Most galaxies in the Universe live in groups or clusters, making such large-scale structure critical both for studies of cosmology and of galaxy evolution. This project builds on a successful research program working at the interface between simulations (Pearce) and observations (Gray) to understand the physical processes that influence these objects and the galaxies inhabiting them. Students will exploit state-of-the-art N-body and hydrodynamic simulations, galaxy evolution models, and large imaging and spectrographic surveys to study the properties of large-scale structure in both the real and mock universes. Comparison of both approaches allows us to simultaneously test the model physics, gain insight into the data, and understand the ultimate limitations of our measurements. Our goals include understanding group and cluster assembly (and implications for large cosmological surveys) as well as disentangling the interplay between galaxy properties and their environments.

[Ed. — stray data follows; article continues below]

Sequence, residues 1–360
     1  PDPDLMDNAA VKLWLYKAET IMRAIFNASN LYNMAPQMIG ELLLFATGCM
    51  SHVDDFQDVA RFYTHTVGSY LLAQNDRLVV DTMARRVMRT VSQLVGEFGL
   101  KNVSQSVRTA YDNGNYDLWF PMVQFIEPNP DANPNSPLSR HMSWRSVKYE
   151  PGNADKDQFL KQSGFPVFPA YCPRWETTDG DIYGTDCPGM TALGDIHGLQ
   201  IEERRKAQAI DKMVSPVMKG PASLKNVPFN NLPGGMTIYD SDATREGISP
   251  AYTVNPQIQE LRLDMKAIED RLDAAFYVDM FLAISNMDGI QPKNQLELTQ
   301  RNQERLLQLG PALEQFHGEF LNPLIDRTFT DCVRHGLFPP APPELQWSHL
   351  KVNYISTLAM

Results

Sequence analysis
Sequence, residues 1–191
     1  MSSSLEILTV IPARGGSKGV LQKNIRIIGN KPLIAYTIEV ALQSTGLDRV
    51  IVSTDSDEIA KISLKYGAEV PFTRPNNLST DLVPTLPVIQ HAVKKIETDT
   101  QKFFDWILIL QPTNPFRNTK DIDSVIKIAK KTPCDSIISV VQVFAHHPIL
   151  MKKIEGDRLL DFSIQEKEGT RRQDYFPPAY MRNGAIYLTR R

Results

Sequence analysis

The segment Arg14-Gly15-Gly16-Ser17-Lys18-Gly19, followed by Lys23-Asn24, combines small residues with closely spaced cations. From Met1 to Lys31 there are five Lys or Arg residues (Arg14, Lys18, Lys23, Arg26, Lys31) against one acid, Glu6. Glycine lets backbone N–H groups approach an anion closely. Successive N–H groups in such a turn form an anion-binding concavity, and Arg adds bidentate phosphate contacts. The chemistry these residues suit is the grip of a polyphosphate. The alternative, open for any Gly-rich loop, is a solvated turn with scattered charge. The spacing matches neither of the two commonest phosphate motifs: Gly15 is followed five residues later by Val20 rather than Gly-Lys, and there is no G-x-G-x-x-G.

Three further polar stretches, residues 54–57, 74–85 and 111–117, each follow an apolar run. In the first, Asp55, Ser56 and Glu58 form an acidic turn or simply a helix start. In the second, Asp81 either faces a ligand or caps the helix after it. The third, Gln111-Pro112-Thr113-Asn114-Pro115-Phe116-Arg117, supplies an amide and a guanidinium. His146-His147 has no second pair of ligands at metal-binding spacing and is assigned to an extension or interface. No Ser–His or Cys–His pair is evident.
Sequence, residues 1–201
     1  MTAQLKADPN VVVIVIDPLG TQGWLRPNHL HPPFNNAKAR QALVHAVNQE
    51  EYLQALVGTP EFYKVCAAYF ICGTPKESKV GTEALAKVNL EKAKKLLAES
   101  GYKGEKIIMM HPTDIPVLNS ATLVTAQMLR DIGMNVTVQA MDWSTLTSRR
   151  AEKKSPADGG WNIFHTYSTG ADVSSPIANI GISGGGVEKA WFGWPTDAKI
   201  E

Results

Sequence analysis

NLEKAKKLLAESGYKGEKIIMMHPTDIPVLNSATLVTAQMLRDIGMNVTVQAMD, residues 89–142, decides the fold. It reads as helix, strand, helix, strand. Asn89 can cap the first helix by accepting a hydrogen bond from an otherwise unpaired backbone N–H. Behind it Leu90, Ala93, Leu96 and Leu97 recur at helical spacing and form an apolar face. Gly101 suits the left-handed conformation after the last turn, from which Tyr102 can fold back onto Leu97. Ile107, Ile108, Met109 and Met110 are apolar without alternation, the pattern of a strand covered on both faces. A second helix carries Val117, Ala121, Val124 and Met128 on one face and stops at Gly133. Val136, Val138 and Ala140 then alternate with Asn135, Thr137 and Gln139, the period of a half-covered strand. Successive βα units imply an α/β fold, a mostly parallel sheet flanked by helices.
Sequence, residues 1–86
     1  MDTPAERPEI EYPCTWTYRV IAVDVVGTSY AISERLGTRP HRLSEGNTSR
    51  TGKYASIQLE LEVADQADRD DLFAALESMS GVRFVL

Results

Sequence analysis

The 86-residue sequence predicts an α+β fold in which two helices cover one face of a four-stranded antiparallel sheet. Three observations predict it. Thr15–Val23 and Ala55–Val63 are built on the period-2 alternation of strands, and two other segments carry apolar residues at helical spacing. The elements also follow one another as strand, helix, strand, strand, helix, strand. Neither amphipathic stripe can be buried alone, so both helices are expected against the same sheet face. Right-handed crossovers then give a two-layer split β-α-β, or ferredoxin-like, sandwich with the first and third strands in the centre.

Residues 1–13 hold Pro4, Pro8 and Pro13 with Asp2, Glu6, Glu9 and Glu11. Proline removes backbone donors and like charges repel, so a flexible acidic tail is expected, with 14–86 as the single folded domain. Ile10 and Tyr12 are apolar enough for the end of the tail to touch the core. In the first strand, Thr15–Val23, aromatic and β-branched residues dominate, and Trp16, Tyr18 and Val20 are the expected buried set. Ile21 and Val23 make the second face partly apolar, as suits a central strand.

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9. Understanding galaxy evolution in and around newly formed galaxy clusters

Yannick Bahé, Frazer Pearce

Galaxy clusters and the filaments surrounding them are the densest regions in the Universe. Galaxies living in these special environments are shaped by a multitude of unique physical processes that include gas stripping, suppression of star formation, and tidal stripping of stars into a diffuse halo of intra-cluster light that permeates the cluster. Finding out how these processes affect the observed properties of galaxies is critical not just for understanding the co-evolution of galaxies and the cosmic web around them, but also for using observations of galaxy clusters and their intra-cluster light to measure the growth of cosmic structures and constrain the nature of dark matter and dark energy.